Wednesday, September 10, 2008

Forces delay pay panel award in protest

Angry over what they describe as a deliberate attempt by the bureaucracy to erode the parity of the crucial middle-rung officers — army lieutenant colonels and their equivalents in the air force and the navy — with the civil servants, the three defence services have not implemented the new central pay rules, notified on August 30, till date.

The three services want the implementation of the armed forces pay resolution to be held in abeyance till the issues raised by them are addressed. The key demand is to move these officers to pay band ‘four’ (Rs 37,400-67,000) from the lower pay band ‘three’ (Rs 15,600-39,100). They also want the grade pay, which has been pegged at Rs 7,600, to be hiked in line with the higher pay band.

Serving defence staffers, say lieutenant colonels and their equivalents, account for around 14,000 officers, or 25 per cent of the officer strength of the defence services. They have pointed out that the additional cost of placing such officers in the higher pay band will work out to Rs 230 crore annually. According to the Union Cabinet’s decision on August 14, the annualised impact of the new pay structure on the Centre (excluding the railways) is estimated at Rs 17,798 crore, an increase of over Rs 5,237 crore over the original Sixth Pay Commission award.

The defence services have pointed out that four successive pay commissions, including the recent one, had placed lieutenant colonels on a par with directors from the Indian Administrative Service. Expressing surprise at the decision of the committee of secretaries, which reviewed the Sixth Pay Commission report to change the award, the services have said that the civil officers of ‘group A’ services and the central paramilitary forces have also been placed in the higher pay band.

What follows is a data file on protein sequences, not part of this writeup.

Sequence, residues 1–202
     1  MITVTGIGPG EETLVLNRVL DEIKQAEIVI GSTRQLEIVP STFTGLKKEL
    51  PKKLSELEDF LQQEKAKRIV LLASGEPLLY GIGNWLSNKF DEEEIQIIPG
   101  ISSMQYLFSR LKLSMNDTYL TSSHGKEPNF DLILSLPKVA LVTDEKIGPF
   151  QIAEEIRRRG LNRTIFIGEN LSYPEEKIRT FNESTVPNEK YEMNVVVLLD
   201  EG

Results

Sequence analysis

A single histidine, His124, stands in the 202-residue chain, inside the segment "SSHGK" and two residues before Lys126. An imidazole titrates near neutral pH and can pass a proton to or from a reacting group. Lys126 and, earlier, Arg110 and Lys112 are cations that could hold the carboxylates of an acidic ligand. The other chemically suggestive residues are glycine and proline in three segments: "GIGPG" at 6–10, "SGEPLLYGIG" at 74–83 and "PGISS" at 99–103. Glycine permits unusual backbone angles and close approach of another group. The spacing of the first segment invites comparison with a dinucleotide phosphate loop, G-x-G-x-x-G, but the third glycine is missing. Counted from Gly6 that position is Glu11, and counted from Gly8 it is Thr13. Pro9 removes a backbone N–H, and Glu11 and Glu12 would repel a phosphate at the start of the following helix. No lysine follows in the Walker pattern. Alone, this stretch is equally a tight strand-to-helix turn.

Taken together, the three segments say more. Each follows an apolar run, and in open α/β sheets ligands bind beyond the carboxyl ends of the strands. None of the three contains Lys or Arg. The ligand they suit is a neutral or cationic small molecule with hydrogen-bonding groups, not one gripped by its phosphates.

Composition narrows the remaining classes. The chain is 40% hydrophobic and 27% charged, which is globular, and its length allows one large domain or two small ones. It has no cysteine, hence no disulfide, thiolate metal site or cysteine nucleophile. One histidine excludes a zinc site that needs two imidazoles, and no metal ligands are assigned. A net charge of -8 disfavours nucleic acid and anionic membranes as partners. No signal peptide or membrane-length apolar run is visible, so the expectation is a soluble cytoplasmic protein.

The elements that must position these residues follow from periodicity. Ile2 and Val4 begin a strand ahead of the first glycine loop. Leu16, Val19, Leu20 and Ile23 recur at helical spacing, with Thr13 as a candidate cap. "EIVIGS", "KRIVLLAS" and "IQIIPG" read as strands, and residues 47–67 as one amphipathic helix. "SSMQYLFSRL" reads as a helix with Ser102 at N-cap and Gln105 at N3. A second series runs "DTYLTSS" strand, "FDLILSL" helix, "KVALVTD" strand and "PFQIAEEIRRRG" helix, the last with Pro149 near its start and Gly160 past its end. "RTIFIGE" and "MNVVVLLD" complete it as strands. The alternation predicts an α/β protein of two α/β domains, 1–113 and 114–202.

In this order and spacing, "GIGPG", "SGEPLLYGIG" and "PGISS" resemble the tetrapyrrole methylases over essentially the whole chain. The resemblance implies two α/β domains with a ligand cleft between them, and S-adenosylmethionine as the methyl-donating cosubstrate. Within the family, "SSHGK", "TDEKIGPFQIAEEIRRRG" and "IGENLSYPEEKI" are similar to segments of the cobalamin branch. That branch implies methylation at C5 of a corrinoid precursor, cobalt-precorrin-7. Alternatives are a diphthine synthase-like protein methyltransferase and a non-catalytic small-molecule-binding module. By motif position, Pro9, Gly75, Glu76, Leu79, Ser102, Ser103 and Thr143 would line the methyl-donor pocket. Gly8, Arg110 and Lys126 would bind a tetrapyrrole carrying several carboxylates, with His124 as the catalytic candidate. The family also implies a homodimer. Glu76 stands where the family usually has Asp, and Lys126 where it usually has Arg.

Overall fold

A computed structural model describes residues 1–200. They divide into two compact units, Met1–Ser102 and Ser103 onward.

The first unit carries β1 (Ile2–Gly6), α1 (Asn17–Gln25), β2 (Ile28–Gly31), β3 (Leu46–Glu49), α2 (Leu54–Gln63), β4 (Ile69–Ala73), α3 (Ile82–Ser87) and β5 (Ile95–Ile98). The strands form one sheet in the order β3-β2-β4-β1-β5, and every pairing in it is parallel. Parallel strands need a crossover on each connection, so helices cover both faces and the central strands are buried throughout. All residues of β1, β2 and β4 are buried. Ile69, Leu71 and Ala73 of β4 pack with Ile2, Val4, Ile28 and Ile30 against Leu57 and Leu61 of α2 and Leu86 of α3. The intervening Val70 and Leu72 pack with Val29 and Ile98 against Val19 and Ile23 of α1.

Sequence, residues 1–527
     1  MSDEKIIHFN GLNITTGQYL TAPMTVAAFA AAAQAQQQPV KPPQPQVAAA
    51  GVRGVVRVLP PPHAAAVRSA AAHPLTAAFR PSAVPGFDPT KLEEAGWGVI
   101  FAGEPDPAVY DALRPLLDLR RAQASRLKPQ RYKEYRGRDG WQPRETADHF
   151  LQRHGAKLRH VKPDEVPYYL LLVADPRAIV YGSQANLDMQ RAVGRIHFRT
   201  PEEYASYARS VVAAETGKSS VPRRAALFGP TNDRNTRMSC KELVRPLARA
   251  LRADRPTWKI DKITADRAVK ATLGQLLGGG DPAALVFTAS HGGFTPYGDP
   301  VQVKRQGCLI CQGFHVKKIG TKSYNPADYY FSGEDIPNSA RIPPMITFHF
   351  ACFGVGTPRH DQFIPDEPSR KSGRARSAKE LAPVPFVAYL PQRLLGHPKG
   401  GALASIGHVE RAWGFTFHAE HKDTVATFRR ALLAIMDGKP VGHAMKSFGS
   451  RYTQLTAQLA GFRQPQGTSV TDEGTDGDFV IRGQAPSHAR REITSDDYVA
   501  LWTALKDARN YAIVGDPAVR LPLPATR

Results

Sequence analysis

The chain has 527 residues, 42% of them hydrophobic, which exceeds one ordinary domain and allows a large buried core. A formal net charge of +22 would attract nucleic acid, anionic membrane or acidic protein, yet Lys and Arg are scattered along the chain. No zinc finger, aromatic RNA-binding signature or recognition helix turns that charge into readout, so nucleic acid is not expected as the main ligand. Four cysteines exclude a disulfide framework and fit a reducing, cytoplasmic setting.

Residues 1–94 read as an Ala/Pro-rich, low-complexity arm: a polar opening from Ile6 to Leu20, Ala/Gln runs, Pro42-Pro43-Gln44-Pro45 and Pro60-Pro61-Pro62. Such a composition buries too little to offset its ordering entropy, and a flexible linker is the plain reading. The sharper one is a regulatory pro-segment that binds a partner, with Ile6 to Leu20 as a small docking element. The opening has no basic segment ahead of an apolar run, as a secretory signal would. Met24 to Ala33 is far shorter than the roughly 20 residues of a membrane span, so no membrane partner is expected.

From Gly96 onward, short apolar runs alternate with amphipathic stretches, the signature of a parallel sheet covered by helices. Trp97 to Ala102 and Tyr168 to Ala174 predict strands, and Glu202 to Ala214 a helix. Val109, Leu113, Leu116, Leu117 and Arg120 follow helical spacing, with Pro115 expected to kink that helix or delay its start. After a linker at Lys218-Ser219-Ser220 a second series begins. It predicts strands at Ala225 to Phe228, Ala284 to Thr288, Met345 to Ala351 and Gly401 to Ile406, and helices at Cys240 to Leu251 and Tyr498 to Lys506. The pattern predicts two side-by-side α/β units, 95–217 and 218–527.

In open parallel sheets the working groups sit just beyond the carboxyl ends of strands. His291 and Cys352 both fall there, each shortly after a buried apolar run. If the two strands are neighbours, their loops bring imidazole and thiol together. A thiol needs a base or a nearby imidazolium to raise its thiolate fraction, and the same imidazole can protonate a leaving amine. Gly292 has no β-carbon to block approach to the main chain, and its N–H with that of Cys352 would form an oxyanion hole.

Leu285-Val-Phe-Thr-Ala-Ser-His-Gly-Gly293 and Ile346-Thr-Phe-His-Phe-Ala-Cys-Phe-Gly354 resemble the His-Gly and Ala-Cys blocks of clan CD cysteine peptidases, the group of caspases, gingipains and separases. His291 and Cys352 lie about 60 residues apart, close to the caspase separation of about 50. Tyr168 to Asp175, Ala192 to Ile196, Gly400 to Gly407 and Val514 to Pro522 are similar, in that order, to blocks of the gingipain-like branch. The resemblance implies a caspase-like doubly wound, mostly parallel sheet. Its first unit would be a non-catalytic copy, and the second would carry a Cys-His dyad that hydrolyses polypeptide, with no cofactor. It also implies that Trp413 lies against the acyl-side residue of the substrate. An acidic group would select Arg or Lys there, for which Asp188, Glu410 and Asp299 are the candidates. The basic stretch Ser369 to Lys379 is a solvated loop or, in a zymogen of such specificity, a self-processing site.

The armed forces fear that unless the anomalies are addressed, the trend of officers opting out of service will not end. They contend that the existing parities between the armed forces and the paramilitary forces have also been reversed, leading to conflict. They also fear that the officers’ morale will flag and the operational effectiveness of the forces in internal security will be adversely affected.

Last week, finance ministry officials had said that the services’ claim of functional relativities at all levels being altered to the detriment of the armed forces officers who worked along their civilian counterparts was incorrect. They added that the defence officers had been granted a military service pay of Rs 6,000, which when added to facilities like subsidised goods from the Canteen Stores Department and rations should be taken into account to consider the overall compensation.

Soon after the new pay rules were notified late on August 30, the chairman of the chiefs of staff committee, Navy Admiral Sureesh Mehta, briefed Defence Minister AK Antony about the matter. He is also learnt to have briefed Prime Minister Manmohan Singh on September 5.

Source : Business Standard

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